The FSA then turned to the question of whether the guarantee fees would be exempt or subject to reduced withholding tax under the treaty. The treaty's interest article covered, among other things, "income assimilated to income from money lent by the taxation law" of a source country. According to the FSA, "assimilated to" means "treated as." Based on the determination that the guarantee fees, although analogous to interest for sourcing purposes, were not in fact for the use or forbearance of money, the FSA concluded that such fees were not "treated as" interest for treaty purposes. However, the FSA did not specifically address whether guarantee fees could be exempt from U.S. tax under an other-income article of a treaty, as the treaty at issue did not include such an article. Presumably, the FSA's determination that the guarantee fees were other FDAP income under Sec. 881(a) would support the treatment of such fees as other income under a treaty, if such other-income article were present in the applicable treaty. Finally, the FSA left open the possibility that the guarantee fees could be exempt from U.S. tax under the treaty's business-profits article, if the taxpayer established that the guarantee fees were its foreign parent's industrial or commercial profits, not attributed to a U.S. permanent establishment under the treaty.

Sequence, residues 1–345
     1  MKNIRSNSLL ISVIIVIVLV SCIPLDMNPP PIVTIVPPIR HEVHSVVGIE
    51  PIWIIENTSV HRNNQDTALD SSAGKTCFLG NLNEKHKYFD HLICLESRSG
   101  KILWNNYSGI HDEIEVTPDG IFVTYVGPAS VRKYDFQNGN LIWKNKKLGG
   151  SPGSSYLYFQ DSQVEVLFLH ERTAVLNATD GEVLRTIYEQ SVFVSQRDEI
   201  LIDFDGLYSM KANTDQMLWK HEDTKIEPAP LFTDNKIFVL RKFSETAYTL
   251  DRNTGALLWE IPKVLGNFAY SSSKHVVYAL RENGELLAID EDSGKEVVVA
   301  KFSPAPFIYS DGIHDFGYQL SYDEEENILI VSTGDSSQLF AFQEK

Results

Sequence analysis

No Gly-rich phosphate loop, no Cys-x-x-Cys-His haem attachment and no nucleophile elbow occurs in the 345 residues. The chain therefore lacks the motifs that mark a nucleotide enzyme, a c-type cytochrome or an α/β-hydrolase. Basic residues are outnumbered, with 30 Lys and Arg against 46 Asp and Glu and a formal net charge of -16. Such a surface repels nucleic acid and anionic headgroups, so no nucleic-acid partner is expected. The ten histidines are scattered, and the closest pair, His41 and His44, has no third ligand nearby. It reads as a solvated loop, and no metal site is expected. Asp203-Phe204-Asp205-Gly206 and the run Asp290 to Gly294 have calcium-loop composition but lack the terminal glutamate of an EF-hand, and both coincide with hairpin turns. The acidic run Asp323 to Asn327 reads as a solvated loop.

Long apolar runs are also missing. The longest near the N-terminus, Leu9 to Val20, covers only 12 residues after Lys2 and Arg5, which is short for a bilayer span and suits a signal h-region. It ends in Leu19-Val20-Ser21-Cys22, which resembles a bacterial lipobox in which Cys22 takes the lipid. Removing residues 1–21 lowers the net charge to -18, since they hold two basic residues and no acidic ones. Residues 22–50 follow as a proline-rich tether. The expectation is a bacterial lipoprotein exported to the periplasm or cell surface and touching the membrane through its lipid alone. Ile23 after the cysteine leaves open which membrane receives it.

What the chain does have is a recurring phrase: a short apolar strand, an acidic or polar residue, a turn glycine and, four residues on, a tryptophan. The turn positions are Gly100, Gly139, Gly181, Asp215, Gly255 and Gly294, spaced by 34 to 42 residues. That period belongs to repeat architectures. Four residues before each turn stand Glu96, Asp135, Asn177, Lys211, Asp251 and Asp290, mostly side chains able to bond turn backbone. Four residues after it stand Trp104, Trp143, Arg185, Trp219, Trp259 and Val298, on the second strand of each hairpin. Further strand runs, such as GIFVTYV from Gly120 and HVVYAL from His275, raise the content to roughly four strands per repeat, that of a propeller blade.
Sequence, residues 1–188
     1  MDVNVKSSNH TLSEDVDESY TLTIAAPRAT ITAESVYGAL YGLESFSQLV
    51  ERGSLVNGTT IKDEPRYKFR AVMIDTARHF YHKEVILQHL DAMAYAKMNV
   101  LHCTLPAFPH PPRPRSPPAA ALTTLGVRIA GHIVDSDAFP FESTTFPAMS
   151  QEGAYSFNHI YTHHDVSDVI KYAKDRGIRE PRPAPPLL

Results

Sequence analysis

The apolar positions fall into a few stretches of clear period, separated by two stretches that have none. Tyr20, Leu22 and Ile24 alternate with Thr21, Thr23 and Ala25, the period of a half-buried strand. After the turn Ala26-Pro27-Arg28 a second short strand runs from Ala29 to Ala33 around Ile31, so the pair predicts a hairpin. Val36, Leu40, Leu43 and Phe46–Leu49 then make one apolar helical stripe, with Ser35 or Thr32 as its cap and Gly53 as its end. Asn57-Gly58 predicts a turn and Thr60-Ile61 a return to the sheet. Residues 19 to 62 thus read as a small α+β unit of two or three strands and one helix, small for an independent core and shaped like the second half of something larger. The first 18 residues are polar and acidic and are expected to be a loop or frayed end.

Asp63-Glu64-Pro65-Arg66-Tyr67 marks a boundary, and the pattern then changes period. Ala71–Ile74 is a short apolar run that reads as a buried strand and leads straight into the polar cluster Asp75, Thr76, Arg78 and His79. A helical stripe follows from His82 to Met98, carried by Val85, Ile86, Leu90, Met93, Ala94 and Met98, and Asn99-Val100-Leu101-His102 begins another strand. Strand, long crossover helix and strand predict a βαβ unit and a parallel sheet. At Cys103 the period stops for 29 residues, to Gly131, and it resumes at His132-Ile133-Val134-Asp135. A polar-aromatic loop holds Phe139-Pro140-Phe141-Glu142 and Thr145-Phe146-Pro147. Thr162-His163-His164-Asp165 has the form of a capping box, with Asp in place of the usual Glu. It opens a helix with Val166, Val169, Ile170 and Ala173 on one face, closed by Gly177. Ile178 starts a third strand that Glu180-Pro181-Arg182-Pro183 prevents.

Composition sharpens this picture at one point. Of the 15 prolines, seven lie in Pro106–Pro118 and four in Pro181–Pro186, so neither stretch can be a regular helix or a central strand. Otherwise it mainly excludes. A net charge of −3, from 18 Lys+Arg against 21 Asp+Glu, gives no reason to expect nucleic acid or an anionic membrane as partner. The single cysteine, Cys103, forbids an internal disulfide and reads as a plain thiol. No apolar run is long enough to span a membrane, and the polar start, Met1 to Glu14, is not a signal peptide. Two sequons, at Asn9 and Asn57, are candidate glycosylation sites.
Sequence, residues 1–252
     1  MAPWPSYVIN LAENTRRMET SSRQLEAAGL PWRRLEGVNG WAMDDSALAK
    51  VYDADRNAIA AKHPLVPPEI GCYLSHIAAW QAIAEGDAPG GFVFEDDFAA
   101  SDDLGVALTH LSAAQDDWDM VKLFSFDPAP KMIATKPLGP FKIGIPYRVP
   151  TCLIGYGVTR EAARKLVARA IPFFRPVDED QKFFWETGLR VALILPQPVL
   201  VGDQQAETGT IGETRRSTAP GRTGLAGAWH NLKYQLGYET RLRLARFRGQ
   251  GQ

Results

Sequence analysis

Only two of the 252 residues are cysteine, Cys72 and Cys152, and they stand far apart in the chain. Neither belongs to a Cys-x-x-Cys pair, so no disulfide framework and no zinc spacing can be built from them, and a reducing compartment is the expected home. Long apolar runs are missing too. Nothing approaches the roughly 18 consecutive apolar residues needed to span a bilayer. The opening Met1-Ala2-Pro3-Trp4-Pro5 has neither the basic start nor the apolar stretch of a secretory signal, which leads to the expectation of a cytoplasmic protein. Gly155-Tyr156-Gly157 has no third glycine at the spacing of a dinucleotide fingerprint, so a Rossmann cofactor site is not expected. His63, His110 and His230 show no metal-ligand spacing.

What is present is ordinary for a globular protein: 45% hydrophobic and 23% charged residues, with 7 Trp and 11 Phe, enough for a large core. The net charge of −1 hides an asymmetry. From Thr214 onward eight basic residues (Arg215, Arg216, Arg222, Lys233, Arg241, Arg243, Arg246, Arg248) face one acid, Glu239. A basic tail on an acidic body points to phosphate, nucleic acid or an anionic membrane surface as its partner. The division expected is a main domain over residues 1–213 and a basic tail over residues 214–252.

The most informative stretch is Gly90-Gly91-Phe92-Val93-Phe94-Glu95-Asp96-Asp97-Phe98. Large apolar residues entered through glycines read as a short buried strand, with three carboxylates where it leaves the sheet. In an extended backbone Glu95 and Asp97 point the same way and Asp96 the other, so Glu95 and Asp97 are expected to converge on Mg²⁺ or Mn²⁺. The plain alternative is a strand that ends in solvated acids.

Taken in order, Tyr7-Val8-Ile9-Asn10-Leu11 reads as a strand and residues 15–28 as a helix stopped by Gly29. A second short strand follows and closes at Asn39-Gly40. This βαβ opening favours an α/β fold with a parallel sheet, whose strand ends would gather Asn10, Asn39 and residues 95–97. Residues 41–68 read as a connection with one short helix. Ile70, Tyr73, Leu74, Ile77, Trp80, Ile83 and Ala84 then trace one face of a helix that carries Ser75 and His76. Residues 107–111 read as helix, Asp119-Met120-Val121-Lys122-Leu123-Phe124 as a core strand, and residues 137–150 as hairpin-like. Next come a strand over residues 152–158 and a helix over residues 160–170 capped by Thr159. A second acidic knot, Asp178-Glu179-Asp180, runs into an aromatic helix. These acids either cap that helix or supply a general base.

Using the FSA's facts and case law, it seems that the IRS came to a reasonable conclusion on how to source guarantee fees. However, in the past, it had come to a contrary conclusion, in addressing the character (and also the source sometimes) of cross-border guarantee fees in the context of Sec. 482 transfer-pricing rules. In Letter Ruling 7712289960A and General Counsel Memorandum 38499, the IRS considered a U.S. parent's guarantee of its foreign subsidiary's debt obligations as the performance of services in (1) allocating income to the U.S. parent under Sec. 482 and the regulations thereunder and (2) determining the income's source. Nevertheless, taxpayers should consider FSA 200147033 when determining the source of cross-border guarantee fees.

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Article Details
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Author:Zive, Janette
Publication:The Tax Adviser
Geographic Code:1USA
Date:Jun 1, 2002